Gas Savings Tips for the Summer

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Gas prices are expected to rise in the next several months, which could impact your plans for a road trip this summer and even hit your wallet if you just prefer to drive.

The cost of a gallon of gasoline could rise as high as $3 later this year, says oil industry analyst Tom Kloza.

Currently at about $2.86, a gallon of gas already costs about 81 cents more than a year ago, according to the Department of Energy.

Earlier this year, the nationwide average retail price of a gallon of regular gasoline was about $1.62, Kloza notes.

If you’re planning to drive anyway, the Web site BillShrink outlines some myths about gas savings via The Consumerist that you should bear in mind before you embark on your trip.

• Gas thinners and gas-saving gadgets don’t really help your gas mileage.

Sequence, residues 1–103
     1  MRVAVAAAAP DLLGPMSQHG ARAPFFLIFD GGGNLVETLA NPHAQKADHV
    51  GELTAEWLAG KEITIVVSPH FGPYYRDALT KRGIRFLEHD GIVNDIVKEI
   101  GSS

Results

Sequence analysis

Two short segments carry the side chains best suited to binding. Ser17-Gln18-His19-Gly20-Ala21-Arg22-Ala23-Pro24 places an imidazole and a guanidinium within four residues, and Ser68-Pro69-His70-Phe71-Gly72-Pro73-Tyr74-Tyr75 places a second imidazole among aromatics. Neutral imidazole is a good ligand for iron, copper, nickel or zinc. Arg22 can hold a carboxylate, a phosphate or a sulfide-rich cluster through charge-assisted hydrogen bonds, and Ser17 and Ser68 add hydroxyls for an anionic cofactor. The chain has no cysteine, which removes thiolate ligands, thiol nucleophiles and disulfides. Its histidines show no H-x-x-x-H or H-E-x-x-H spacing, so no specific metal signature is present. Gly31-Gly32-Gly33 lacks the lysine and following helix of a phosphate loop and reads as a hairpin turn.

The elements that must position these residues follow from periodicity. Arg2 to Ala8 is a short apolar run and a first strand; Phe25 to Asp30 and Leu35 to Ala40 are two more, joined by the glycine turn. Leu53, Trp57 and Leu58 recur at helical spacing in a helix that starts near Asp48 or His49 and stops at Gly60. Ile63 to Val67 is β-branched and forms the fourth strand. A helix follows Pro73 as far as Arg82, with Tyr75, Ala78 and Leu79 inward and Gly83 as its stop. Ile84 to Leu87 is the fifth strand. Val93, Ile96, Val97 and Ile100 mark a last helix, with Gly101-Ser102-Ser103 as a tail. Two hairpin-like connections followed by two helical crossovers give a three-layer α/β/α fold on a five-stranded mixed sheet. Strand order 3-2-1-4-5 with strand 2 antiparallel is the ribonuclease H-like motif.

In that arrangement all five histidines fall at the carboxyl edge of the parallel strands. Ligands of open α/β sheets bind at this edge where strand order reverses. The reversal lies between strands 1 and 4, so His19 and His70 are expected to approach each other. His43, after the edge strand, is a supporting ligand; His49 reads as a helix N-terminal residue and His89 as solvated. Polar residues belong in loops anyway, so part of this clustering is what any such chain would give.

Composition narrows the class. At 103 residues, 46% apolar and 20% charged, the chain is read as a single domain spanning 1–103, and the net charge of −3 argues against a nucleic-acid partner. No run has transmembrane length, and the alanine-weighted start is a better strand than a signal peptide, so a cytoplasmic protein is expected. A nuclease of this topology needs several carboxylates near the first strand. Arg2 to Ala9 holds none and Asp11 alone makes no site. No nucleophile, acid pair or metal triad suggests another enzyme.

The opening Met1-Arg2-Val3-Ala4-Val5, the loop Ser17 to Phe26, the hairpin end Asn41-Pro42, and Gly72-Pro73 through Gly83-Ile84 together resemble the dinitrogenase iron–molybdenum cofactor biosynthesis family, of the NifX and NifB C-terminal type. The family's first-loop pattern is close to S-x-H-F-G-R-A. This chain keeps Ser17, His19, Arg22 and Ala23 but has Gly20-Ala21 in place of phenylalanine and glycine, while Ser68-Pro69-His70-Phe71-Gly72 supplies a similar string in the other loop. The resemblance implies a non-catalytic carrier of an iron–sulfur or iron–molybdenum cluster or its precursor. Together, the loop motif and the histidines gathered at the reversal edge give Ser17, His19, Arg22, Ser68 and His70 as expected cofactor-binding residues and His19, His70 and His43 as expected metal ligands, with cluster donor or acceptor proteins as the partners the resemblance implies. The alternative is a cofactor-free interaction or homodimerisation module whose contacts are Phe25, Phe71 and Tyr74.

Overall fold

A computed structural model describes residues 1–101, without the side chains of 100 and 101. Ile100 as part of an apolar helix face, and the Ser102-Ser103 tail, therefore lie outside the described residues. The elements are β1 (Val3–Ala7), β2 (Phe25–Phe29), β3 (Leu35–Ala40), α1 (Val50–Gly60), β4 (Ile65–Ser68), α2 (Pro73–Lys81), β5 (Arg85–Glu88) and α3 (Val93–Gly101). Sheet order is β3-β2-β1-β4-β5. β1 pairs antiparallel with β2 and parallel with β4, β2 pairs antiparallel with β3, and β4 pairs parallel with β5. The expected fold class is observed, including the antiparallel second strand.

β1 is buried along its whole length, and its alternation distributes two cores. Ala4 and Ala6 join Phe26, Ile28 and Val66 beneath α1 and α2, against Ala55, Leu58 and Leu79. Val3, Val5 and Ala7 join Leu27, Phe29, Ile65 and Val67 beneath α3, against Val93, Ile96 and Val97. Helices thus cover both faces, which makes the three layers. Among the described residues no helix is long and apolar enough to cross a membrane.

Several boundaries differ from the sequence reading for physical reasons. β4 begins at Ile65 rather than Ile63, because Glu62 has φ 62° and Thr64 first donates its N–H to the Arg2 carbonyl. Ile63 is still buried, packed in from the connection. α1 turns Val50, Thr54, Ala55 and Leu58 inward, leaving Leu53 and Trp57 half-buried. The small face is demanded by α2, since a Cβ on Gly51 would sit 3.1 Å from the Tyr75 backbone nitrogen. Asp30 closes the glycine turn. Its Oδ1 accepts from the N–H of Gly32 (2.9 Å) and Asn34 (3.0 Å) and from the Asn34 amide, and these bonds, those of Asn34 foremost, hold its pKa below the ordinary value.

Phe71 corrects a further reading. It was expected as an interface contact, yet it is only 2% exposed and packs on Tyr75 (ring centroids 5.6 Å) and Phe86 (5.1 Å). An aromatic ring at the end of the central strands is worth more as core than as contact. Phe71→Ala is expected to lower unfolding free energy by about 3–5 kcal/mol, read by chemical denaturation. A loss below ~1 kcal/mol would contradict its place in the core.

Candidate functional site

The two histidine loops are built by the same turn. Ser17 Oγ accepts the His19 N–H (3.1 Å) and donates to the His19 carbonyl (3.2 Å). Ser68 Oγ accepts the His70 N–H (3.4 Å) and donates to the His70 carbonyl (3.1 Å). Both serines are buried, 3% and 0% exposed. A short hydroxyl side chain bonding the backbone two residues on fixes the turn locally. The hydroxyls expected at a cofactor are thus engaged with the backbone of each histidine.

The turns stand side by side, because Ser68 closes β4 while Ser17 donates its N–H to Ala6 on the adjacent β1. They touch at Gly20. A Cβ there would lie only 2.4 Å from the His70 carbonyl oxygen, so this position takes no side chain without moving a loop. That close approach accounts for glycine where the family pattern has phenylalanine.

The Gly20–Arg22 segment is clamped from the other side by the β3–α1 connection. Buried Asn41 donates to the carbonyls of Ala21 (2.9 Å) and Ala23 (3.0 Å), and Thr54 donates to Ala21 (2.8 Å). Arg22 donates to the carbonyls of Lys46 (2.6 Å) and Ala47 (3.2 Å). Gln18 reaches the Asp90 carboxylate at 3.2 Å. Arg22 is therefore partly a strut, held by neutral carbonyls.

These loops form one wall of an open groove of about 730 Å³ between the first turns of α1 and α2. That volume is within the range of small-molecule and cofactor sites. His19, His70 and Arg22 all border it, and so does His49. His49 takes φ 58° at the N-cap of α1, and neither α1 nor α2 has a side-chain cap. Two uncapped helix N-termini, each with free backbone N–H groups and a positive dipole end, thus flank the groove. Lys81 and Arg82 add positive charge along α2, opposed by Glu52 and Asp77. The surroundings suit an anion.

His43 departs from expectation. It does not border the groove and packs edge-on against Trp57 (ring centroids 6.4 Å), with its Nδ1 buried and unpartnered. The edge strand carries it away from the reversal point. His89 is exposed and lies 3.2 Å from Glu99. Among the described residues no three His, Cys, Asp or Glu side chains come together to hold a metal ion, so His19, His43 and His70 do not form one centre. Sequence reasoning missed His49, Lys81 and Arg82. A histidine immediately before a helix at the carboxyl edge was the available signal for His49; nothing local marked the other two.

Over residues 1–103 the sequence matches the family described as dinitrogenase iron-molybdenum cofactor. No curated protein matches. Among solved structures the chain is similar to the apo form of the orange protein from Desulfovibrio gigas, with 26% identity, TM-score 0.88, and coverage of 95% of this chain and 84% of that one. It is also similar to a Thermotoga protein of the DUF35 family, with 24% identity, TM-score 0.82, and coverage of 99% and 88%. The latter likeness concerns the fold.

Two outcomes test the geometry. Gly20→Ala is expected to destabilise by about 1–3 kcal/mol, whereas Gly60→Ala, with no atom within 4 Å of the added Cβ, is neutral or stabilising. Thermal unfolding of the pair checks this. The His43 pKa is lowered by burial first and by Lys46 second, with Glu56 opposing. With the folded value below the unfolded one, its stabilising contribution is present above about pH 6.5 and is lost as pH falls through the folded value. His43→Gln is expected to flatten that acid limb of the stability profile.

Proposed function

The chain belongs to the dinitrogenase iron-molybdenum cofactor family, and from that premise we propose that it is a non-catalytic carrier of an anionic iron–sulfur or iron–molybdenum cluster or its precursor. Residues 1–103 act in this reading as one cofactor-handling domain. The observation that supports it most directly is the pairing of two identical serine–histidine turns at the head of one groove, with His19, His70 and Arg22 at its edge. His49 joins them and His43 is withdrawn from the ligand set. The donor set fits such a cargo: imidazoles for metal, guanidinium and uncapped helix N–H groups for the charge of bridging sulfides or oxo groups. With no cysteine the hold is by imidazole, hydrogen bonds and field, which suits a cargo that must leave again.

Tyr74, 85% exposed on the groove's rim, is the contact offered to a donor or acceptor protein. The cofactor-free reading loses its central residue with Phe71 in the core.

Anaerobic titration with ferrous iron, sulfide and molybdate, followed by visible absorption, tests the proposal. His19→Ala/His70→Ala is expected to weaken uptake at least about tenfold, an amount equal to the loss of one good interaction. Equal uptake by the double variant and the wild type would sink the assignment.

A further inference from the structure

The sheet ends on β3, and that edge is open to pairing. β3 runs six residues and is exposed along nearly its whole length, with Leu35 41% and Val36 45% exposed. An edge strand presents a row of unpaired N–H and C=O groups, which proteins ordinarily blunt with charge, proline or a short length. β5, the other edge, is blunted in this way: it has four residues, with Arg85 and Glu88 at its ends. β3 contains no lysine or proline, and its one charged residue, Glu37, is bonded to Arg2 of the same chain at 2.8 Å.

• Gas isn’t cheaper mid-week.

• Traveling farther for the cheapest gas doesn’t burn more than you’ll save.

• Using your air conditioner doesn’t mean you’ll use more gas than if you open your windows.

There are several ways to save on gas if you still plan to drive, however.

• Filling your tires with nitrogen gas, which has bigger molecules than oxygen, can help you maintain the right tire pressure, and the keeping the right tire pressure can keep it at peak fuel efficiency, according to Billshrink. You can find a place to fill your tires with nitrogen by entering your zip code at getnitrogen.org.

•Avoid accelerating or stopping too abruptly, advises Billshrink. It could lower your gas mileage, especially when you’re on the highway. Using cruise control is key. Since you’re driving at a constant speed, you’ll use less gas.

•If your car has gearing that lets you shift into overdrive, use it when you’re driving at high speeds because it can help you use less gasoline. And if your car has a manual transmission, remember that a lower shift speed means better fuel economy, according to the Environmental Protection Agency.

•Avoid speeding and stuffing your trunk and back seat with more than you need, or you could be wasting gas money, Billshrink notes.

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